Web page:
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Marie Meglic
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I'm curious about dirt floors and how they hold up and hold heat in a cold climate.

1)  If there is good heat in a room that has a hardwood floor built over hard-packed soil, but is not insulated, will the floor be like ice in a northern winter like it is for a cement floor?  The heat is coming through the ducts in the ceilling of the room. 

I'm curious as to whether such a space could be used for movement classes with bare feet or lying on the floor in the winter.  I'm also curious in a similar vein, if a yurt were on a raised floor over packed earth rather than on a platform. 

2)  Are there any issues that I should be aware of?  It seems to be mold free and dry, but I'm not sure about insect/bug issues, etc.

Please share if you are experienced with this type of floor.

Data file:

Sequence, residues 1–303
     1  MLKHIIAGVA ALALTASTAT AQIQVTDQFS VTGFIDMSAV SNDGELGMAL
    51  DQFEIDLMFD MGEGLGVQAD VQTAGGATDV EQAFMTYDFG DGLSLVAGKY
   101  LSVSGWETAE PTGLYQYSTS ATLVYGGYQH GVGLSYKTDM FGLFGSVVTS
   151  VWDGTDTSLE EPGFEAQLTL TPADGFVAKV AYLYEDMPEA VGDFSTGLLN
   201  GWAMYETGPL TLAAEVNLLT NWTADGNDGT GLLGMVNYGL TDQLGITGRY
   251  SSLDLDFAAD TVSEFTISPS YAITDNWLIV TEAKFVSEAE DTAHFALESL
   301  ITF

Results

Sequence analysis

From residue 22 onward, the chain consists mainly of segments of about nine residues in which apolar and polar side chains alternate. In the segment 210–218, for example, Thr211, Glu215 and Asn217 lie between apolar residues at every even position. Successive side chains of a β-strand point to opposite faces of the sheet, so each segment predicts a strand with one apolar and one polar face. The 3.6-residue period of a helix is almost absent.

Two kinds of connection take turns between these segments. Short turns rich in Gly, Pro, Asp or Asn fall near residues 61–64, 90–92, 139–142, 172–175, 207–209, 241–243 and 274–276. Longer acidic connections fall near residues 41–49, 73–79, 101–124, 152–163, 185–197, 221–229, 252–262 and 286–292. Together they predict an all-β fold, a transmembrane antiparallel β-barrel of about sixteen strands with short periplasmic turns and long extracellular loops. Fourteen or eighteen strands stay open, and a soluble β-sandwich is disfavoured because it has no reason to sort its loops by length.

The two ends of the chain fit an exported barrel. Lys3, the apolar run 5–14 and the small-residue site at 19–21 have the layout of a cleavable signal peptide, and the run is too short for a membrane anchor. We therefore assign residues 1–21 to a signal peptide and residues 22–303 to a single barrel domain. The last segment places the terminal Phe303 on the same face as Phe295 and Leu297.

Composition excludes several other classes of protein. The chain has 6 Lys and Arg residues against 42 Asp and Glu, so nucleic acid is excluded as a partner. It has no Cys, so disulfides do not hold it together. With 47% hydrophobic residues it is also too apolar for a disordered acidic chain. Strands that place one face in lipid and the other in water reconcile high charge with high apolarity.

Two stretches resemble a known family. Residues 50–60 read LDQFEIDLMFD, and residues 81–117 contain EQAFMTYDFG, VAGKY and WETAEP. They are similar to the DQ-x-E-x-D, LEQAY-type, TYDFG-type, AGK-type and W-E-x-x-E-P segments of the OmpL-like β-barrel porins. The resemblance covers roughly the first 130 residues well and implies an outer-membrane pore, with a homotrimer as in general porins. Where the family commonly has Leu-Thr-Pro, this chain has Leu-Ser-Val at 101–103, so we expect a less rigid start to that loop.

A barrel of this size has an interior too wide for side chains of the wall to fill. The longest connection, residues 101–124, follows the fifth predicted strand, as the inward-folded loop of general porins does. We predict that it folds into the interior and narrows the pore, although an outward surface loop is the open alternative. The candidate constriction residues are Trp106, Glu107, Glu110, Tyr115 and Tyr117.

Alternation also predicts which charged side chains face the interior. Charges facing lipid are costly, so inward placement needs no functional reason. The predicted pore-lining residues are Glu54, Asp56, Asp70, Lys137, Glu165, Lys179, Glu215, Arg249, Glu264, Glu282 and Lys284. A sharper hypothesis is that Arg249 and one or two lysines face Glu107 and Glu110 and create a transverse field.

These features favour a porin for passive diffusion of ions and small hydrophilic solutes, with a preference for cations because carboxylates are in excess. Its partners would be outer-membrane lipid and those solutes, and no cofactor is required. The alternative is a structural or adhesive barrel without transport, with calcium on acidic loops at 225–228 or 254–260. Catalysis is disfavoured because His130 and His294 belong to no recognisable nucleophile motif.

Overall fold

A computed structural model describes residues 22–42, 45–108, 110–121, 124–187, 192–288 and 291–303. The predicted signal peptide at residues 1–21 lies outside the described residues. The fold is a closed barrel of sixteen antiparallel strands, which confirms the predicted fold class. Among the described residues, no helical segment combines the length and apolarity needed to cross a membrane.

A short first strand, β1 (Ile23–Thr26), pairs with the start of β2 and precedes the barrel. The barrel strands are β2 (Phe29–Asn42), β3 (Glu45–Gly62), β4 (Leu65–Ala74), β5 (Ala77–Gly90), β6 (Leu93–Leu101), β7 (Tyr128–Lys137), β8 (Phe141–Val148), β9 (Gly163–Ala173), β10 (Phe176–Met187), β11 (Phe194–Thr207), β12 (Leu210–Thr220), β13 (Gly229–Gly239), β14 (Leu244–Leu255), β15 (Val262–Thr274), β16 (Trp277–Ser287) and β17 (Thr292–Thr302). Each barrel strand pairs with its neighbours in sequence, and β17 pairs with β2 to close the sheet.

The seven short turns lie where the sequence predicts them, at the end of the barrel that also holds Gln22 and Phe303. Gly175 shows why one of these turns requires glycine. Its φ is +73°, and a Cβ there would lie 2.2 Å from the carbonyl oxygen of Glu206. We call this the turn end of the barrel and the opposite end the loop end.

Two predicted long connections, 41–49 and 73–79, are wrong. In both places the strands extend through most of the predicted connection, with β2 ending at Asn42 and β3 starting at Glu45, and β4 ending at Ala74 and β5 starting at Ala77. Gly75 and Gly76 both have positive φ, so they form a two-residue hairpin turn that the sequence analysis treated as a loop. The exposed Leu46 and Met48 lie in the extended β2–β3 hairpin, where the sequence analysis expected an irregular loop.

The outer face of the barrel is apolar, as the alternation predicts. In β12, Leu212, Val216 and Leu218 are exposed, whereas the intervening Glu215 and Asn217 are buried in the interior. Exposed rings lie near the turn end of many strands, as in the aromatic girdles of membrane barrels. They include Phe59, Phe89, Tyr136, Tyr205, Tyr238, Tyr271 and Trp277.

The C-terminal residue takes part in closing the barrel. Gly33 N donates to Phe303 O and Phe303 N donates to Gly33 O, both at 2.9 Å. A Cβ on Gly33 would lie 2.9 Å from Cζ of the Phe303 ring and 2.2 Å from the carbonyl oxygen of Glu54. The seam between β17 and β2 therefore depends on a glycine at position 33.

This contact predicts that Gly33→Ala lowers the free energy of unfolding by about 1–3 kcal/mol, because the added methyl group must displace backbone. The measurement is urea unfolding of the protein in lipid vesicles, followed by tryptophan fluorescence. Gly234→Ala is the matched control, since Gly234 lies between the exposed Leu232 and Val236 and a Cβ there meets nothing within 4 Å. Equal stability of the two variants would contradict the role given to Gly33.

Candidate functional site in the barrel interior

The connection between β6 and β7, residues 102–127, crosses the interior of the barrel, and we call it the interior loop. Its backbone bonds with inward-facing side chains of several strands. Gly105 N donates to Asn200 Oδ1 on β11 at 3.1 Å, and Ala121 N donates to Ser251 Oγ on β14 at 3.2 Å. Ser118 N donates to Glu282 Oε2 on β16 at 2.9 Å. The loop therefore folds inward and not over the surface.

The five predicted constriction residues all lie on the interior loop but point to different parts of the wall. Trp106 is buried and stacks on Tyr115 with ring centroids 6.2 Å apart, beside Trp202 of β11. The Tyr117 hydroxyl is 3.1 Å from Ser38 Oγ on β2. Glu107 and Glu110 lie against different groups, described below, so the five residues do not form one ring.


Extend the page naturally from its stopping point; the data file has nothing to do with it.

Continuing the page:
Thank you!
 
                              
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Location: Ozarks
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Yeah, I'm very interested in this.  Can anybody help us out?  Anybody?
 
                                    
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Location: High Peaks Area NY Adirondack Mountains
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For many years we had a packed earth floor in our underground house. That was covered with 6 mil plastic, then wall to wall carpet.

It was OK until one year we had an incredible deluge of rain that wiped out our road and flooded the creeks. Even though we were on a steep hill, water was able to get in. It came down the underground walls and up under the edges of the walls, flooding the house and ruining the carpet.

At that point I insisted on raised wooden floors. We did 6 mil plastic covered by a cedar lumber grid. We used foam insulation between the grid, then covered the floor with plywood and carpet.

Even though the packed earth floor was OK, the insulated floor was a heck of a lot better and warmer when put over the packed earth. I lived in that house for 18 years.
 
                      
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I was under the impression that you could utilize earth by making cob and then adding some other materials (I believe linseed oil) to make it resistant to water, bugs, wear, etc. I may be mistaken.
 
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